Victoria’s New Wage Theft Act – What to Know

A new Wage Theft Act 2020 (Vic) (Act) will come into force in Victoria from 1 July 2021. Victoria has become the first state in Australia to pass laws establishing criminal penalties for employers who deliberately don’t pay their workers correctly. Though wage compliance should always be of concern to businesses, now it is paramount for businesses with operations in Victoria to review whether you are meeting your employee wages and entitlement obligations. If not, you might find yourself facing serious criminal and civil penalties. 

How does it affect you? 

  • Employers, directors and officers could be held criminally liable for non-payment or underpayment of wages and other employee benefits, as well as for failing to keep records of employee entitlements. 
  • Employers who make honest mistakes or who exercise due diligence in paying wages and employee entitlements are unlikely to be found to have committed offences under the new Act. 
  • The Act has the potential to apply beyond Victoria to businesses based in other Australian states and territories, or even outside Australia.  
  • Businesses with any operations in Victoria or that have employees performing services in Victoria (temporary or otherwise) should carefully look at whether the new laws apply to them.  

 What are the new wage theft laws? 

The new Act covers wages or salary, allowances and gratuities, annual leave, long service leave, meal breaks and superannuation.  

Under the new Act, it will be a criminal offence to: 

  • dishonestly withhold employee entitlements (including wages); and/or 
  • falsify employee entitlement records, or fail to keep records in order to obtain a financial advantage or hide a financial advantage. 

Penalties of up to $991,320 for bodies corporate or 10 years’ imprisonment for individuals will apply. 

An employer may be held liable for the actions of an officer where an officer or the board of directors expressly or impliedly authorised or permitted the conduct, or where a corporate culture existed that directed, encouraged or tolerated the relevant conduct.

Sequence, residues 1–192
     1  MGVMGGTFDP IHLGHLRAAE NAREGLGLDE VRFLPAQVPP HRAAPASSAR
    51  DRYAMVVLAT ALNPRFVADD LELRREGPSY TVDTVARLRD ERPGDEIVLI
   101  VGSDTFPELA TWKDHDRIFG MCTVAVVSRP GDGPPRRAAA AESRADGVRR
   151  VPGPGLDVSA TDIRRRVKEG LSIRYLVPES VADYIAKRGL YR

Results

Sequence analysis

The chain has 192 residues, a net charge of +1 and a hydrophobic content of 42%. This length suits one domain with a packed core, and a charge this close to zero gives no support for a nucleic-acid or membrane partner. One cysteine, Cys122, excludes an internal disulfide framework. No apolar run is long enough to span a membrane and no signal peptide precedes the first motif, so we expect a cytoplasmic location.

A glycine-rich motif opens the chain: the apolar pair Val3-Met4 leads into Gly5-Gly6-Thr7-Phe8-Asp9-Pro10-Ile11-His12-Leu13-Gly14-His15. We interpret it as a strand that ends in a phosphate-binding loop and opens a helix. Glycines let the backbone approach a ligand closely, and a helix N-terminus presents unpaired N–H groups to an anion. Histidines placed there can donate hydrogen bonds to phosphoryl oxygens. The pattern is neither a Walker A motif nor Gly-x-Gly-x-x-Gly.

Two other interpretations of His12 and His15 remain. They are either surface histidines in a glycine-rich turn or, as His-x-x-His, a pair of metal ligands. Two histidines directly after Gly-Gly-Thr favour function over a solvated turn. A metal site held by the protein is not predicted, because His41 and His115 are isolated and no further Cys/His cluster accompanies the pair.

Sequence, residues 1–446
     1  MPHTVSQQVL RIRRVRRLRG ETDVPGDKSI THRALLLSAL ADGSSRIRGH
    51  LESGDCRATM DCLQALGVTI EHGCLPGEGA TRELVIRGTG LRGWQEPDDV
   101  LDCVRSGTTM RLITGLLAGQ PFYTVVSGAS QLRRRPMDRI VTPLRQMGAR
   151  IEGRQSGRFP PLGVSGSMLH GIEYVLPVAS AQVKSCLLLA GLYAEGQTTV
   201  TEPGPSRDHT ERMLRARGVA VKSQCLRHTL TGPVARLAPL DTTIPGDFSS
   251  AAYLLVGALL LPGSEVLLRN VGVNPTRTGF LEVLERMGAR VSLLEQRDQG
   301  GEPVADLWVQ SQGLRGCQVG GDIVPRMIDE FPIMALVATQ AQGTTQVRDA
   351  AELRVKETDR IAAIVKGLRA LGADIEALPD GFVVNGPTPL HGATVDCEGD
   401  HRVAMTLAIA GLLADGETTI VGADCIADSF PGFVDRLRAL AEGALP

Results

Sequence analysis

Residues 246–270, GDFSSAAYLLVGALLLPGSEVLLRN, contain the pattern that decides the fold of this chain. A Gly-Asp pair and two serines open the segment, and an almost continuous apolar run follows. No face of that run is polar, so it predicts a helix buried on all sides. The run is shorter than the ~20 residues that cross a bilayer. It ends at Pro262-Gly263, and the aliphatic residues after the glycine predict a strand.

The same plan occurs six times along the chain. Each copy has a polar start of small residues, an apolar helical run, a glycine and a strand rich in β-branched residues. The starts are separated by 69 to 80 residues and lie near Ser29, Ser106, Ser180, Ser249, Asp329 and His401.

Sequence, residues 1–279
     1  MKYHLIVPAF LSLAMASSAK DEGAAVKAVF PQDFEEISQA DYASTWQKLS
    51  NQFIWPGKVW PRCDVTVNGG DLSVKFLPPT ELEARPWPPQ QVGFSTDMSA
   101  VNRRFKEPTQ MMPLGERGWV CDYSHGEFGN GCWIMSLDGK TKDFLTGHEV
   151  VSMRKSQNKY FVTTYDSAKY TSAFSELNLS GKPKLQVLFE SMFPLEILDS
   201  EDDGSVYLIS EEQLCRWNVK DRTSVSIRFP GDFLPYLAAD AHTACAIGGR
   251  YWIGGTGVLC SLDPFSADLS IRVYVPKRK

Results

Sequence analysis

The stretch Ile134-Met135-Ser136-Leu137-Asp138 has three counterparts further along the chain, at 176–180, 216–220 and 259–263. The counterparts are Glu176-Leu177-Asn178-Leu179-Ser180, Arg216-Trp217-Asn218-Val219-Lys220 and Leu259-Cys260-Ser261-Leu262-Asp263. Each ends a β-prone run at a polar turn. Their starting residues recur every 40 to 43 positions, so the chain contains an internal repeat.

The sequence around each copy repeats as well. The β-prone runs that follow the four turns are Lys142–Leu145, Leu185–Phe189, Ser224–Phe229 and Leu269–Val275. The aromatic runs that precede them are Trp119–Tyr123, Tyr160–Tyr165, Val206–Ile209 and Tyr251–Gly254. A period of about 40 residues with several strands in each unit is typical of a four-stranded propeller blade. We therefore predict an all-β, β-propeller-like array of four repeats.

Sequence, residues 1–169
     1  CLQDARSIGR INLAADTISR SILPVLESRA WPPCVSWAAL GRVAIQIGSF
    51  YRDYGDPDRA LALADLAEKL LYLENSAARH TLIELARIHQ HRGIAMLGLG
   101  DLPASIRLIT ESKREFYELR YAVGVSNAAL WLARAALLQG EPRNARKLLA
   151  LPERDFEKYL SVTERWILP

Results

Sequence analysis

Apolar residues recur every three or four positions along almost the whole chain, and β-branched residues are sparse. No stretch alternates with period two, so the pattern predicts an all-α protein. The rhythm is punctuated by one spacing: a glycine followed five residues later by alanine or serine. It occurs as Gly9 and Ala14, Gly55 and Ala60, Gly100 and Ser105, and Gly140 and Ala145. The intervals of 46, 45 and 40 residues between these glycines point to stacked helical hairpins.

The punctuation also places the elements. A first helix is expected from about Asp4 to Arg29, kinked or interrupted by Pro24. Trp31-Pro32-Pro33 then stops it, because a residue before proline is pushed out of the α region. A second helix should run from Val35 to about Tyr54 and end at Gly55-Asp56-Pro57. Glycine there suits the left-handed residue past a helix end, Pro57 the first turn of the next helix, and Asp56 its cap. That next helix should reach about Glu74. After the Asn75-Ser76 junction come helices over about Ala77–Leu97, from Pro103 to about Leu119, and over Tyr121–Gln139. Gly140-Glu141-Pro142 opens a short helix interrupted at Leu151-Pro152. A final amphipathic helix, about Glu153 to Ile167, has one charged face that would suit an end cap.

Also, directors and officers may be held personally liable for these offences regardless of whether the employer is prosecuted unless they can prove that the officer exercised due diligence to prevent the commission of the offence by the employer. 

The Act will apply where an employee performs services wholly within Victoria or where there is a sufficient nexus with Victoria. This could include where an employer is based in Victoria (even if the employee is based outside Australia) or where the services were mainly performed in Victoria (even if the employer and employee are based outside Australia). 

Investigating offences and enforcement 

Wage Inspectorate Victoria has been tasked with investigating offences and enforcement. The Inspectorate has been given a number of new powers to support its work, including powers to compulsorily obtain information or evidence to determine whether an offence has been committed. 

The recent State budget has also announced $9.6 million for the Magistrate’s court to introduce a ‘fast track model’ to hear these new wage theft cases. 

It is possible employers will face investigation by the Fair Work Ombudsman and the Wage Inspectorate Victoria. The new Act has been criticised for overlapping with national laws being proposed by the Federal Government to criminalise serious underpayment cases, and may be subject to constitutional challenge at some stage. 

When does it come into Effect? 

The law will come into effect from 1 July 2021 and will only look at conduct which happens after this date. However, if the Inspectorate finds that wage theft has occurred, they can look at employee entitlements which have accrued before 1 July.  

What next?  

Now is a good time to review whether you have paid all your employee entitlements under applicable modern awards, enterprise bargaining agreements and employment contracts. To get started, this article talks through what to look for to make sure you’re wage compliant: https://www.workplacewizards.com.au/why-to-prioritise-award-compliance/ 

Reviewing your contracts will also be especially important if you have altered your employee contracts after new changes to casual employment. For example, if an employee has become permanent; has their loading changed? Do they now have annual leave entitlements? Do they have different penalty or overtime rates? To know more about the changes to casual employment you can view the article here: https://www.workplacewizards.com.au/new-changes-to-casual-employment/ 

If you find that maybe you have missed out on paying some entitlements, there are steps you can take to fix this! The Fair Work Ombudsman has put together a step-by-step process of what to do if you have found that you have underpaid your employee. To access this, you can visit here: https://www.fairwork.gov.au/workplace-problems/common-workplace-problems/i-think-ive-underpaid-my-employee 

Of course, we are here to support you if you have any concerns or questions about these new changes or compliance generally. Feel free to reach out to our consultants if you would like some advice!  

Susanna Ritchie

Susanna Ritchie

Susanna is a Director at Workplace Wizards. Susanna has over a decade of experience in providing advice, training and support to clients in both private and government practice as well as conducting litigation in courts and tribunals.

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